This kind of post is important to me because it lets my readers know 1) What’s going on with the money you spend when you buy The Value Of Rain (half the proceeds are donated to the two LGBT Youth nonprofits below); and 2) It also shows you how just a little time and money can have a massive impact. People tend to have this ingrained idea that their small contributions, or that the one hour they can volunteer a week, doesn’t really matter in the big schemes of things. It DOES matter! It matters to the kids that have no one else to turn to. Never forget that. Here’s just a few examples:
Since the conception of Lost N Found, they have helped over THREE DOZEN kids in the past three months. Here’s an report from Rick Westbrook a.k.a. Sister Rapture Divine Cox in their latest Facebook post:
The kids have come to us in all shapes, sizes, and colors. These youths are each special and incredible in their own way. They come to us not broken, but certainly with some damage such as walls built up, trust issues, and still in survival mode. Some have been abused, starved, neglected, or otherwise just thrown to the curb.
It is our job to take them in, clean them up, make sure they are fed, and then try to get them back to some semblance of normalcy. That is not always the easiest thing to do.
They have a problem understanding WHY, someone or an agency would want to help without anything in return. We explain that they belong to a community that may not have been homeless themselves BUT it is one that understands being treated like a second class citizen. We teach them that our little ole community values them as they are, and will do anything we can to keep them safe and out of harm’s way.
I have held kids that cried till they could cry no more, gone in the middle of the night to get them medicine when they were sick, talked to them about their hopes and dreams and how to make them possible.
The most rewarding moments are when you see the mood shift, when they’ve relaxed and realize that it is going to be OK and you see that FIRST smile. They then realize that they ARE loved and HAVE value.
I would LOVE to be able to show you pictures of them and tell each of their specific stories, but I am very protective of our youth. In the past I have shared their stories in general terms without specific names and will continue to do so.
The youths themselves each bring something different to the house and in most cases they act as a family, being very protective and nurturing of each other in spite of their differences.
We have taken calls, emails, and texts 24/7 from the metro area, and as far away as Mississippi, New Orleans, New York just to name a few. We provide any answers that we can and try to steer them in the right direction. We are a TRIAGE center, taking the youth in as soon as we can get to them.
Some left the program before we would have liked, but they moved on to the new chapter of their life with all the support we could provide. Some we have transitioned into other programs, depending on their needs. Several have found jobs and roommates AND I am happy to report that one is moving into their OWN apartment this weekend.
After they leave the program, we still take calls answering their questions about things they have never dealt with before or just to say thanks and keep in touch.
We have had a couple of training sessions for volunteers, that are then allowed to interact with the youth and assist the staff.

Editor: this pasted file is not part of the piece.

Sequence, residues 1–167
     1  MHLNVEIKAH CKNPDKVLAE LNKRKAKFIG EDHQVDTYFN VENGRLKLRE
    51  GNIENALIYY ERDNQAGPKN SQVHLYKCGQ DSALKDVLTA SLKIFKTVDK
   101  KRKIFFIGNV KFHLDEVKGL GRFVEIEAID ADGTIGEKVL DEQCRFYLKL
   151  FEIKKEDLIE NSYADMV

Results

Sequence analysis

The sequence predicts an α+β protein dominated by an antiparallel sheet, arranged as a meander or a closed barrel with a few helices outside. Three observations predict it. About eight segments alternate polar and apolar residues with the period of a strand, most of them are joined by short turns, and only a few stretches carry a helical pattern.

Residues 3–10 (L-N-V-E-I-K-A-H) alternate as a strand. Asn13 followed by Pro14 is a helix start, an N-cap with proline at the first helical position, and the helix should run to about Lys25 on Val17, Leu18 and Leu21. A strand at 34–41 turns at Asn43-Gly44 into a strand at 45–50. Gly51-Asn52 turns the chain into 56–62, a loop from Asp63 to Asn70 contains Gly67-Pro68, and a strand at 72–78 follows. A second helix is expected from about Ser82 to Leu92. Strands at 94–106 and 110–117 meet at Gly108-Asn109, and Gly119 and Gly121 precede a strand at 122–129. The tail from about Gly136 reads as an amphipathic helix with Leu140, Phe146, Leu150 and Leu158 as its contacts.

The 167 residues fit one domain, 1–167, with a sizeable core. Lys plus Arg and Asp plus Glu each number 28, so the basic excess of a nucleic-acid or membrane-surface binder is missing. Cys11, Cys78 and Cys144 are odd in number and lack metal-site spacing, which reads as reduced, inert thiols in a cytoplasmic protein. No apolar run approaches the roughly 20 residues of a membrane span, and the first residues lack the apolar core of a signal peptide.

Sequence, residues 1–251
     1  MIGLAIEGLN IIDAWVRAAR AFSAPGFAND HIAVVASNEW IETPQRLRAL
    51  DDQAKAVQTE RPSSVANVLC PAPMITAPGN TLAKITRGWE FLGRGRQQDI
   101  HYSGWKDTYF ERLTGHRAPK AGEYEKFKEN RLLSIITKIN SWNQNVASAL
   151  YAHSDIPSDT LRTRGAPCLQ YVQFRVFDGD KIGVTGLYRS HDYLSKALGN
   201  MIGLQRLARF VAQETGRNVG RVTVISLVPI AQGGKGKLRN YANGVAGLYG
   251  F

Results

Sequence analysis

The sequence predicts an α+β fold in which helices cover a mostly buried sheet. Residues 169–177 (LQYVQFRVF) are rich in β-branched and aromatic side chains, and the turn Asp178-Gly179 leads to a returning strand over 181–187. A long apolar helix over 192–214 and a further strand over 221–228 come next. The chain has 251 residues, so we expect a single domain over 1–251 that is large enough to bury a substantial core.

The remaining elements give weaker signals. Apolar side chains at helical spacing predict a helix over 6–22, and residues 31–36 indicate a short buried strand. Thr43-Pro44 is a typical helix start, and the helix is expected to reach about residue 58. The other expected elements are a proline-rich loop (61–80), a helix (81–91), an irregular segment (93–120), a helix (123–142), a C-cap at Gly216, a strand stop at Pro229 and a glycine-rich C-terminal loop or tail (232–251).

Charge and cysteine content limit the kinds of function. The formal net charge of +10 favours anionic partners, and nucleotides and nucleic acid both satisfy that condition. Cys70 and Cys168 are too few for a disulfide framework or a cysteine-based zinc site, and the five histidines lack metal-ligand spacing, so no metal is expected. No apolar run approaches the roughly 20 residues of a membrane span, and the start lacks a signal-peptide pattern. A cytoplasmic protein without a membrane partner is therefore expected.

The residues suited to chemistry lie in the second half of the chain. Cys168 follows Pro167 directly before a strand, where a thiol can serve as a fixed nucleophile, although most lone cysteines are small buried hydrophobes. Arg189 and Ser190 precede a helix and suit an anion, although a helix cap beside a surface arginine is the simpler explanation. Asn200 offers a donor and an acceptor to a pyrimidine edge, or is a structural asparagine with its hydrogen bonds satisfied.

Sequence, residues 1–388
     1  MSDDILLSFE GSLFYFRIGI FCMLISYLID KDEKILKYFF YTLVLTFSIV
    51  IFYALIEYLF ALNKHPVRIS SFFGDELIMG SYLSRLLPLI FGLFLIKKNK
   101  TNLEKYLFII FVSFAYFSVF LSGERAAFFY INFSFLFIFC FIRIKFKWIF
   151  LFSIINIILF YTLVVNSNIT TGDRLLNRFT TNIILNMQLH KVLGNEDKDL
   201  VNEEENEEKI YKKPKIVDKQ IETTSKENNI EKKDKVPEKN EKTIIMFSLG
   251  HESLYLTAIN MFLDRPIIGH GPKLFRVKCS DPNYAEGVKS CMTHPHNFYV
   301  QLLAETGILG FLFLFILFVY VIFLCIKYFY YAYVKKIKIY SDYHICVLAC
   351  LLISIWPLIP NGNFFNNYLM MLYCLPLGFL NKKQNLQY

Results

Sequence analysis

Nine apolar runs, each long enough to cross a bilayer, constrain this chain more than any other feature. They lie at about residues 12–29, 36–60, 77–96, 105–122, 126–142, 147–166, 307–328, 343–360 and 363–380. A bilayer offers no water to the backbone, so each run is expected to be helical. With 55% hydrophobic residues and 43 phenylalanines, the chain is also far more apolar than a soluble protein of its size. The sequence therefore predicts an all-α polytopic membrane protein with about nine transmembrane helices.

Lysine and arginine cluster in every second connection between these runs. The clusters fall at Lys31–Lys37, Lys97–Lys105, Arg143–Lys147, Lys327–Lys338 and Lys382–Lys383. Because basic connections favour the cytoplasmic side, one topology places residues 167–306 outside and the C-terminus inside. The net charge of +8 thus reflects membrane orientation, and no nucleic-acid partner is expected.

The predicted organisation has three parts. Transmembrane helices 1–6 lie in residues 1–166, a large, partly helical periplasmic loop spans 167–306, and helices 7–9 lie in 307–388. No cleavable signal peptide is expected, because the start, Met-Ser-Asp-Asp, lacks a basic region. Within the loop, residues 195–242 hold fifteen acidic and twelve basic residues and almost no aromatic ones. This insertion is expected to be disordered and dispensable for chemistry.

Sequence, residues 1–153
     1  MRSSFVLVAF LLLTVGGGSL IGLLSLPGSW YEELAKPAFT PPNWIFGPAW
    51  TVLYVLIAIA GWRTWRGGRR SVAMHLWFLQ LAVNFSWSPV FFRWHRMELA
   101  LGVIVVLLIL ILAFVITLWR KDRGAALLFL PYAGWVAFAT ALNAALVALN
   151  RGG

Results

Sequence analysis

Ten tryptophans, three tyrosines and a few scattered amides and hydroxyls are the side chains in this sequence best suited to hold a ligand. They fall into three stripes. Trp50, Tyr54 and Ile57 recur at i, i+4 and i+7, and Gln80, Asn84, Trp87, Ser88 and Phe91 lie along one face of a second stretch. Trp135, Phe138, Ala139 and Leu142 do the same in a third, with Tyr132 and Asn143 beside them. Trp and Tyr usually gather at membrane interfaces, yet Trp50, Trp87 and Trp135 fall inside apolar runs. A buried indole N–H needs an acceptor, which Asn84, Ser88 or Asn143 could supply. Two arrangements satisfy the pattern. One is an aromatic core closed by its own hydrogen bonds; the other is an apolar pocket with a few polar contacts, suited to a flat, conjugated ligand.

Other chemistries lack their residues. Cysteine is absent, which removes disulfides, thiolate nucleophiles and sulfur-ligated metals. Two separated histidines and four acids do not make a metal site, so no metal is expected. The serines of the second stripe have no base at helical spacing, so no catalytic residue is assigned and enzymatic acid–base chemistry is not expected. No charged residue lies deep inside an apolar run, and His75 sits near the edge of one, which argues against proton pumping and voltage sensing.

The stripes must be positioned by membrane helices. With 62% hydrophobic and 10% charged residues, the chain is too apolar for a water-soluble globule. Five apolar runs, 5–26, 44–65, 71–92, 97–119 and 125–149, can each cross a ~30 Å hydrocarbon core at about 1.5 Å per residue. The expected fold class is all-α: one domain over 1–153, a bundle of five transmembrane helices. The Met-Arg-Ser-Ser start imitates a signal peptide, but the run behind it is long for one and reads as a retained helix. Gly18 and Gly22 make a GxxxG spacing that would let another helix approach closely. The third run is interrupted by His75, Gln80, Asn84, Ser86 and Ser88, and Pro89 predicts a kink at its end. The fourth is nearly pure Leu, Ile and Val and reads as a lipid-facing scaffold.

We have brought in different groups to have Dinner with the youths and allow them to interact with POSITIVE QUEER ROLE MODELS and it always works out great. It allows them to see that we are all different but have a common thread in the community.
We are doing good work and making a difference as promised and will continue to do so. It is YOU – THE COMMUNITY that has made all this possible with private donations, but the work is on going.
Donate or volunteer : Lost and Found
This post is from James Robinson, Founder and Director of GLBTAYS who was just awarded has been awarded the Billy Jack Gaither Humanitarian Award. The award recognizes an individual or organization that has “shown courage in the struggle against hatred and contributed to the creation of a just society” and was created in the memory of Billy Jack Gaither who was brutally murdered in 1999 for being gay. Read more: The Daily Home – Remembering Billy Jack Gaither.
“I have been thinking of what to say today in Montgomery. Last night I received a phone call from someone here in Huntsville. He told me that he has been beaten down and oppressed by his family, by the church he grew up in, and by our society throughout his life… He said, “I’ve wanted to do what you are doing but I’ve been afraid. I am not proud to say I live in Alabama but I do want to see it change.” He said, “One small voice, just like a candle in the dark, can carry a lot of weight.” He said … in a very quiet voice, “We need to fight, fight, and keep on fighting in a soft way.”
I think I understand what he meant by this because in order to change the hearts of people we must show them the love & kindness that exists in our hearts. He talked about Benjamin Franklin and the way he influenced France to support us in the Revolutionary War and he talked about Martin Luther King, Jr. … he told me how proud he is to know me and how excited he is by the changes he believes will happen now in Alabama because we are speaking up. He told me he would follow me anywhere and march proudly…He told me he had wanted for a long time to tell me how much he believes in me and appreciates me and that on the night before this big day he needed to tell me how important my work is and that he believes the things I say are extremely important …he asked me to watch this video and I told him I would before leaving today…Was this the man who have me his name or was this an angel with me on the phone? … or both…”
Donate or volunteer : GLBTAYS.org